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My question relates to the underlying rendering mechanism. Does it use Windows APIs e.g. drawtext, exttextout or does it use a proprietary drawing mechanism? Is this documented anywhere?

More specifically


Under Sun JDK for windows

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Can you be more specific? Which library? Otherwise the default answer will be "It uses the JVM." –  wheaties Jan 18 '10 at 3:16
I believe he's asking "how does the JVM render text", which of course depends on exactly what JVM you use. –  Anon. Jan 18 '10 at 3:19

3 Answers 3

up vote 4 down vote accepted

Actually, I've researched this when developping a PDF library.

Java, more specifically an implementation of Java, since it's not part of the public java-API, has libraries for parsing font-files and returning so-called "glyphs". These glyphs are then rendered using Graphics.

(Edit: glyphs are vectorgraphical (i.e. java.awt.Shapes) components that make readible symbols (Latin charset for instance, but also Hebrew or Arabic).)

To answer your question: it does not use Windows APIs such as drawtext. It may use Windows APIs to get font glyphs (depends on implementation of Java). As far as I know, Sun Java have closed-source font libraries which give you the glyphs.

You can, though, use glyphs provided by the libraries of any implementation of Java:

createGlyphVector(FontRenderContext frc, String str)

in java.awt.Font.

That should be a nice jumpstart. If you'd need anything: the rest is quite nicely documentated in the JavaDocs, i.e.

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For desktop applications, the Swing windowing API does all the work, including drawing text to the screen. The only thing Swing relies on from the operating system is a window context, and a canvas to draw on. All widgets within the window are handled entirely within Swing.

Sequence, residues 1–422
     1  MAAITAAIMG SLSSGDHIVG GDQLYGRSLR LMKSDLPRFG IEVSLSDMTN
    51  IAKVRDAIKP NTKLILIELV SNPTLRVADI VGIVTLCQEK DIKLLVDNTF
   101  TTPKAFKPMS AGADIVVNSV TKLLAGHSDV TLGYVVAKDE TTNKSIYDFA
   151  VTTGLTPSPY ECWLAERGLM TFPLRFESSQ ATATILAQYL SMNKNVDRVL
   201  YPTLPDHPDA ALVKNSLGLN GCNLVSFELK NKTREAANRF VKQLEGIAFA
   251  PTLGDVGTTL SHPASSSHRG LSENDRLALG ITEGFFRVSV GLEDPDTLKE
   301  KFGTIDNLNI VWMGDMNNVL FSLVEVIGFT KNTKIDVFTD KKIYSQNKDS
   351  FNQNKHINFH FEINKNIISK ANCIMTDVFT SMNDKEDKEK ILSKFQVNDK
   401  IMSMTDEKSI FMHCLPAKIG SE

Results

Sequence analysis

AWT, by comparison, uses operating system constructs to do its rendering.

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He's asking specifically about Graphics.drawString, not drawing components or buttons. Graphics.drawString would be one of the functions that Swing uses to actually do it's drawing. –  Chad Okere Jan 18 '10 at 3:29
My bad. Edit came after I posted. –  Ryan Michela Jan 18 '10 at 3:36

It doesn't matter. It's supposed to work the same way on every operating system, so it could be done using OpenGL or DirectDraw or some other technology on windows. And of course on other operating systems it's going to work differently.

If you're really curious, you can download the JDK source code see how the functions are actually implemented.

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Actually, besides the very informative JDK source code, it's not the "complete" implementation of a JRE: in text processing some parts are propretairy (because of font-licencing), and thus not included in the JDK source. Perhaps OpenJDK is a better learning resource. –  Pindatjuh Jan 18 '10 at 3:41

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